and, I believe you are a bright girl, why not?


Curtis Delzer
HS
K 6 V F O
Rialto, CA

curtis@...

On 2/4/2020 6:22 AM, Robin Frost wrote:
Hi,

Firstly I'd like to apologize in advance if my question isn't the most clearly stated.  I used to be a smart girl but now suddenly I don't feel so anymore so when answering just assume I know nothing (laughs).

It used to be that my desktop had a real dedicated sound card with tons of jacks from which to choose.  However, sadly my newer HP Elite Work Station desktop is only fitted with the two jacks on front one for headset and one for microphone line in or so it'd seem. Firstly the sound from these seems to me to be worse than horrific.  For speakers I'm using the Bose Companion 5's I think they were called which are lo longer produced.  These speakers have a microphone line-in jack on their volume control and if I run a patch cord from say a cassette deck to it I can hear the output but no recording program seems to pick it up through stereo mix.

Phew now with all that out of the way I'm wondering if any of you really smart and capable people have any thoughts on how one can make this work.  Is the best way forward to grab a USB sound card and install it and set it for input only? If so have you any model recommendations? And if I plug one of these things in is it gonna disturb the performance of the Bose speakers which are plugged in via USB for output?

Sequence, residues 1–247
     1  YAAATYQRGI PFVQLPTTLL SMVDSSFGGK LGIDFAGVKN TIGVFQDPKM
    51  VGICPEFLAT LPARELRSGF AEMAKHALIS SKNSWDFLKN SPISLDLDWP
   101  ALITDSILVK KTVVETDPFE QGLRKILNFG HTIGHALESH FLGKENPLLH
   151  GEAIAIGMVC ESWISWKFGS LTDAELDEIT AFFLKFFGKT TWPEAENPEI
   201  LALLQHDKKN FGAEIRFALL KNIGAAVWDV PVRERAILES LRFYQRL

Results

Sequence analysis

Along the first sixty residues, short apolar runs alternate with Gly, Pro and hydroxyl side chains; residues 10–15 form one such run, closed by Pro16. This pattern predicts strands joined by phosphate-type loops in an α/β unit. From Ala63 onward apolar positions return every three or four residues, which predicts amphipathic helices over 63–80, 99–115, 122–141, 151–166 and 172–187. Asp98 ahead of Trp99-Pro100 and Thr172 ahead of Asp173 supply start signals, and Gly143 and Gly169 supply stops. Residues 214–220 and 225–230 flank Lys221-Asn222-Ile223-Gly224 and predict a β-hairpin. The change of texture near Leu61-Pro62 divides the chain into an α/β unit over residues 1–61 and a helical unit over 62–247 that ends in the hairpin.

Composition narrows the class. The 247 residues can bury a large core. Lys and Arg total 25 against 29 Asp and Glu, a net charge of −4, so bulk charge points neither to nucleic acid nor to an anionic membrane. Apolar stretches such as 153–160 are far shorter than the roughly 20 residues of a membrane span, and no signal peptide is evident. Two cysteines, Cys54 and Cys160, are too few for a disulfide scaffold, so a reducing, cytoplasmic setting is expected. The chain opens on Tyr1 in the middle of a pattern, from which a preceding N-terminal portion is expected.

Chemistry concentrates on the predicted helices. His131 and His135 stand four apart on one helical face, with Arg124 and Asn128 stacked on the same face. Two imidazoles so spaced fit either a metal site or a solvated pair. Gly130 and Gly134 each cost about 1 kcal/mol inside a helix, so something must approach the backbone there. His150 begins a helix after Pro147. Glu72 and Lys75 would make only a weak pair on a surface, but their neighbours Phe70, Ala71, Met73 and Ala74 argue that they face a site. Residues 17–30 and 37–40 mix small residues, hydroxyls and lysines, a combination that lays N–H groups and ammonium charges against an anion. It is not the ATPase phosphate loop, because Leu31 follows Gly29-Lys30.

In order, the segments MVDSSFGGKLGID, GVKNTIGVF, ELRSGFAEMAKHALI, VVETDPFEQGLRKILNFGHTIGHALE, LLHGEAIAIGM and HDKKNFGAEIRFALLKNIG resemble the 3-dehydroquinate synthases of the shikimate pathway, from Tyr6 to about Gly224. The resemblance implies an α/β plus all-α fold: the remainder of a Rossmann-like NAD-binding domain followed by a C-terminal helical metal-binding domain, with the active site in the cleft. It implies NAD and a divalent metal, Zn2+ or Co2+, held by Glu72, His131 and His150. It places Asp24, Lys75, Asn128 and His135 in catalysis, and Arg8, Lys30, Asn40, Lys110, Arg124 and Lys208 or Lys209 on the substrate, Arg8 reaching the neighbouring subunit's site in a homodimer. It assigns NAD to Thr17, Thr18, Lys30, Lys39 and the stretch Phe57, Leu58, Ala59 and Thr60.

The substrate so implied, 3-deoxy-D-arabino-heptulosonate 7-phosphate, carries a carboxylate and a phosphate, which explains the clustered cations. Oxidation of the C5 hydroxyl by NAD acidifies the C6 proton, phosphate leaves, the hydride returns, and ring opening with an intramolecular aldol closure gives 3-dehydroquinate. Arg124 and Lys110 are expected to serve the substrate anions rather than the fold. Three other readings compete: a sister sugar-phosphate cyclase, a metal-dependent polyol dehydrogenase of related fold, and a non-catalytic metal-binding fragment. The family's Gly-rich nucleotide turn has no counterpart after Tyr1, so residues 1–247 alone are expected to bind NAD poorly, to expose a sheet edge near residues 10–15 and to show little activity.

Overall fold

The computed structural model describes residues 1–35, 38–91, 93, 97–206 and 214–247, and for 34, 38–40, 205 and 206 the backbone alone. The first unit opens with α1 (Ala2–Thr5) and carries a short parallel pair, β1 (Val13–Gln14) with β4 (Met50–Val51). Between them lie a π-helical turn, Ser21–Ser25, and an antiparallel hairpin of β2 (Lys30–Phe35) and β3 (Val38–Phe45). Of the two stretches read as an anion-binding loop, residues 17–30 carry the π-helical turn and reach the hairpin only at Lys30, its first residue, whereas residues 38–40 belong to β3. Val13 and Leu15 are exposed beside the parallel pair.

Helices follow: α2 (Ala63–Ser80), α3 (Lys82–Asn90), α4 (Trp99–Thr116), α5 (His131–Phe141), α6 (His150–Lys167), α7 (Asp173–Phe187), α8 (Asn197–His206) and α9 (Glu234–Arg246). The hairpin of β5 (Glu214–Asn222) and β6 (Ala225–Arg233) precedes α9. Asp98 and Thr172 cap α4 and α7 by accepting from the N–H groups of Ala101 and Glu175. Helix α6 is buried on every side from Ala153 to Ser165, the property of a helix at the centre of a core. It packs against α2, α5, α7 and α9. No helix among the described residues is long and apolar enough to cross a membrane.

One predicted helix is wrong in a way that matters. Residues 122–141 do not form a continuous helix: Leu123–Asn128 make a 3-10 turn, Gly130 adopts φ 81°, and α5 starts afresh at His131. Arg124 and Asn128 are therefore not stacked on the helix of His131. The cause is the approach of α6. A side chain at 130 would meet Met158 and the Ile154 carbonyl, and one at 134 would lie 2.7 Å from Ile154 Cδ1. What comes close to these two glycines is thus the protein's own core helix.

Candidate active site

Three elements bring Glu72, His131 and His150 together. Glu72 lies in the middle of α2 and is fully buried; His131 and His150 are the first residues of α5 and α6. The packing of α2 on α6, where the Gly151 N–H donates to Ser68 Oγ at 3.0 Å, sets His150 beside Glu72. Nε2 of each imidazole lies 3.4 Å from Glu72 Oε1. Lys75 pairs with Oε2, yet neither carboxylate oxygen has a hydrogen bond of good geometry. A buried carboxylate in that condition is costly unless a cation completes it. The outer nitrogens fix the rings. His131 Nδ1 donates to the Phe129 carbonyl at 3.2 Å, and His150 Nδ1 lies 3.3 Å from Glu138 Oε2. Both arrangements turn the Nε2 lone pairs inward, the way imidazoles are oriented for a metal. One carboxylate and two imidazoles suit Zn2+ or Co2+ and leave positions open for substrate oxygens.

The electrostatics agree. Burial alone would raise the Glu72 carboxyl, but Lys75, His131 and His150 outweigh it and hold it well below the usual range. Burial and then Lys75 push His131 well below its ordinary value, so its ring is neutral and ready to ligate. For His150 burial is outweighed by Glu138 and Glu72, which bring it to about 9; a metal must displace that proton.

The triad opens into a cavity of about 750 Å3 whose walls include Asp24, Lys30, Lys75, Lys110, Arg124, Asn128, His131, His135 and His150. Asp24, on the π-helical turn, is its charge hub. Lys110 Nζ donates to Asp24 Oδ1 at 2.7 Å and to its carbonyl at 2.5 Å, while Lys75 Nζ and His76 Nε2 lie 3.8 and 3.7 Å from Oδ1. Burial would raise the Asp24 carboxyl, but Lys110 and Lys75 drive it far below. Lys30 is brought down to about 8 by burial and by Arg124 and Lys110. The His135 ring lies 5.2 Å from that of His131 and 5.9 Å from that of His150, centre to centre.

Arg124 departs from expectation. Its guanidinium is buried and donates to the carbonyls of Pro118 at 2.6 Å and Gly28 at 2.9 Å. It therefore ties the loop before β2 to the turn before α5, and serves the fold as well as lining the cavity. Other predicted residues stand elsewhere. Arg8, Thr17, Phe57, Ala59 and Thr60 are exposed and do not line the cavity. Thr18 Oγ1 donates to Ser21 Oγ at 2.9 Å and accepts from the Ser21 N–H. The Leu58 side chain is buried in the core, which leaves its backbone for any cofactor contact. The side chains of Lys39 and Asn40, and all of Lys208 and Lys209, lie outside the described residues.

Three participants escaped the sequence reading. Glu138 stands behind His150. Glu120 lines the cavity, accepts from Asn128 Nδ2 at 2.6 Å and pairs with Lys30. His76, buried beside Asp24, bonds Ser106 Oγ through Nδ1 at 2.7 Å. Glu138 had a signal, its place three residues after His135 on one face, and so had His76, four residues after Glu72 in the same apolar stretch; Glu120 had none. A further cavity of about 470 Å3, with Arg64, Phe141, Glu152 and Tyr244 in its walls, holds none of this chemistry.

I hope at least some of this makes sense.

Thanks again for putting up with me today I hate not feeling smart about a topic.

take good care.

Robin

Robin Frost
 

Hi,,

Awww you made me smile.

actually when I did try using the mic/line in jack on the desktop tower its resulting sound was hideous I mean awful which is what started this trek down the proverbial rabbit trail.  I spotted a reasonably priced sound blaster USB card which I consider purchasing to use solely for recording I just hope using such wouldn't impact my Bose speakers which plug into the pc via USB as well.  In theory one would think that I could keep the Bose as my default for output and use the sound blaster solely for recording and such but one never knows with such things these days.

Thanks for your reply I appreciate you.

Robin

On 2/4/2020 4:46 PM, Curtis Delzer wrote:


I bet your speakers are just amplifying the sound from the cassette
directly. Try plugging your cassette deck into the microphone / aux plug
on your PC and hopefully a circuit in there will determine which to use